How to Cut Quarter-Square TrianglesQuarter-square triangles look just like half square triangles, but they're very different. The straight fabric grain runs along the longest edge of a quarter-square triangle, while it runs along the short edges of half-squares.
Quarter-square triangles are used in several ways, but most often as setting triangles, where they fill in the jagged edges surrounding blocks arranged on point. That configuration puts their long, straight grain edges on the perimeter of the quilt.
Using half square triangles in that position would result in a quilt with stretchy bias edges on its perimeter, not a good thing since you want quilt edges to stay as intact as possible while you're finishing up.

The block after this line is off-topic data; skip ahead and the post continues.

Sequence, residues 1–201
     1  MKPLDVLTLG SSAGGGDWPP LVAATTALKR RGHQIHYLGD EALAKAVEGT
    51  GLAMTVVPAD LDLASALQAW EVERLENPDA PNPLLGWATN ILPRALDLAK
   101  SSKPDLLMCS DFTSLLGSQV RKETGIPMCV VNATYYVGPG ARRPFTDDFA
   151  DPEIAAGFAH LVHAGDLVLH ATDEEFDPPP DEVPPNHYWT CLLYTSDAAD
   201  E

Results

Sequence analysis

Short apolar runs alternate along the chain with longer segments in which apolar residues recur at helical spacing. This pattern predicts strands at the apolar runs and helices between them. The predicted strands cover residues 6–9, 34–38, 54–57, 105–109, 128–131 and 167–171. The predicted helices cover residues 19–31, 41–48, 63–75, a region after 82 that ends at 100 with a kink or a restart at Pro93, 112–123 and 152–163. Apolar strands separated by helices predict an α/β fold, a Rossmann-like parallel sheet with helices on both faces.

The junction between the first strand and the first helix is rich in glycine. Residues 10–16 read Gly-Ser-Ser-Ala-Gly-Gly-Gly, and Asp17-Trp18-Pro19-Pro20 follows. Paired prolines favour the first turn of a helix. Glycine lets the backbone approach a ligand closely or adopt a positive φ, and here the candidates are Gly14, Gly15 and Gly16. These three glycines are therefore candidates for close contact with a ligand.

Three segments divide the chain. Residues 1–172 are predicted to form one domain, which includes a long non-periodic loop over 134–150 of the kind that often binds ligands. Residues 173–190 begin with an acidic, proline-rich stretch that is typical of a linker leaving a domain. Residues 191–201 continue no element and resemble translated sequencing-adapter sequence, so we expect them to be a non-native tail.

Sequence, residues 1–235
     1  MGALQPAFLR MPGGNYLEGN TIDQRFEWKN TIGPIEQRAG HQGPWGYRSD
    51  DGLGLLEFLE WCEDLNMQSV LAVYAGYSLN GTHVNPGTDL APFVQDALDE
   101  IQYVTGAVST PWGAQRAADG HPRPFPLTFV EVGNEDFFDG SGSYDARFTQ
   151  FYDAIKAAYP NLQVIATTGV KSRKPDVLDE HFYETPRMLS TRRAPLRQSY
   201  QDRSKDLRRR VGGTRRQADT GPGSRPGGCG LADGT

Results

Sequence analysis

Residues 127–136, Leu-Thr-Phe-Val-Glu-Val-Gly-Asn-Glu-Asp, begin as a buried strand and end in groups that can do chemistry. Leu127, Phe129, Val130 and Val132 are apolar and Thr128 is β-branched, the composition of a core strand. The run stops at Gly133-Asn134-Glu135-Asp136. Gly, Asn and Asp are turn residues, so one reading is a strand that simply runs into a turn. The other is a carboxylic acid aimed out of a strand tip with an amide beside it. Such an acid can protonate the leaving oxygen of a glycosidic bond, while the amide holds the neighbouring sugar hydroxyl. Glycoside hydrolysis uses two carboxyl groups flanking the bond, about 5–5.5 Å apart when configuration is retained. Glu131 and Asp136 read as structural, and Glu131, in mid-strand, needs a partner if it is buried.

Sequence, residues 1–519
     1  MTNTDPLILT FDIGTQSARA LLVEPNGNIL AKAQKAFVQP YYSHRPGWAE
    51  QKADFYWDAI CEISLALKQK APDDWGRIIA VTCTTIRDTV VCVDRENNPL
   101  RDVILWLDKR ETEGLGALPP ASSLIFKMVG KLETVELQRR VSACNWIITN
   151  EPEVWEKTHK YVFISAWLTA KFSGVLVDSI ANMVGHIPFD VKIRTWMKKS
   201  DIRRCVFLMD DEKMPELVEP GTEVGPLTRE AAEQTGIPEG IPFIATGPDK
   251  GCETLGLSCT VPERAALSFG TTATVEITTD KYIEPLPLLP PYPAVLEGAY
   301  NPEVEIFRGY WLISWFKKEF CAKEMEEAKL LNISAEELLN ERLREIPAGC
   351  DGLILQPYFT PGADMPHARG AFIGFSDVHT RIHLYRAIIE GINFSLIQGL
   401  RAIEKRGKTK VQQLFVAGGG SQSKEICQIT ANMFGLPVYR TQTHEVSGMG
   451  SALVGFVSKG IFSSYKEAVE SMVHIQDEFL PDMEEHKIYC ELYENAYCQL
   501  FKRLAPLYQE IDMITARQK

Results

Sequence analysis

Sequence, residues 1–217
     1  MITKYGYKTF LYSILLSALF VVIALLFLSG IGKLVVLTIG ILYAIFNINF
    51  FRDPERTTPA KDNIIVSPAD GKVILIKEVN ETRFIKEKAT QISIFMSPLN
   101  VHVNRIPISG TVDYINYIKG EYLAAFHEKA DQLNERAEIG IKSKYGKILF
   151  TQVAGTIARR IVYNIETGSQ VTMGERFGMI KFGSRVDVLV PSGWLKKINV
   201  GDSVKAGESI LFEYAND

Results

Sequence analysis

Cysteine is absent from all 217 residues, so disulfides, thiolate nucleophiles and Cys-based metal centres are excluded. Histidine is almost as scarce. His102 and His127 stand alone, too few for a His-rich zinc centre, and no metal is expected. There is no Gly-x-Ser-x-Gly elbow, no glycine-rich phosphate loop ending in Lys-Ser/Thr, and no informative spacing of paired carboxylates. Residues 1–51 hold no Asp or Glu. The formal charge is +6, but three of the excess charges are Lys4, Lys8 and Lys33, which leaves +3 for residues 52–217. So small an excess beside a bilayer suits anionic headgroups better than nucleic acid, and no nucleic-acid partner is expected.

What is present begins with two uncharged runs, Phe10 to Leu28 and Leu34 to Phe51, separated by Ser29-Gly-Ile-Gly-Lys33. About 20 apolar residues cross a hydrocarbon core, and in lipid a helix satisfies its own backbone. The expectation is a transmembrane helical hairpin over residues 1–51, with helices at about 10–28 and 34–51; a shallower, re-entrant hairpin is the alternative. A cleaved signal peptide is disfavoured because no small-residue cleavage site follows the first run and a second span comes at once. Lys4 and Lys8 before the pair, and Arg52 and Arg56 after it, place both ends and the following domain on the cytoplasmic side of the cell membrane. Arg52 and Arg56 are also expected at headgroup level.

Cutting Quarter-Square Triangles
- Cut a square with sides that are 1-1/4" longer than the finished length of the triangle's longest edge.
- Use your rotary equipment to cut the square in half twice diagonally.
Cutting Setting Triangles
- Finished block size x 1.41 = finished length required on the triangle's longest edge. Round up to nearest 1/8".
- Cut a square with sides that are 1-1/4" longer than the number in Step 1.
- Cut the square in half twice diagonally.
Commonly Used Setting Triangles
- 6" blocks: cut four triangles from a 9-3/4" square
- 9" blocks: cut four triangles from a 14" square
- 10" blocks: cut four triangles from a 15-3/8" square
- 12" blocks: cut four triangles from a 18-1/4" square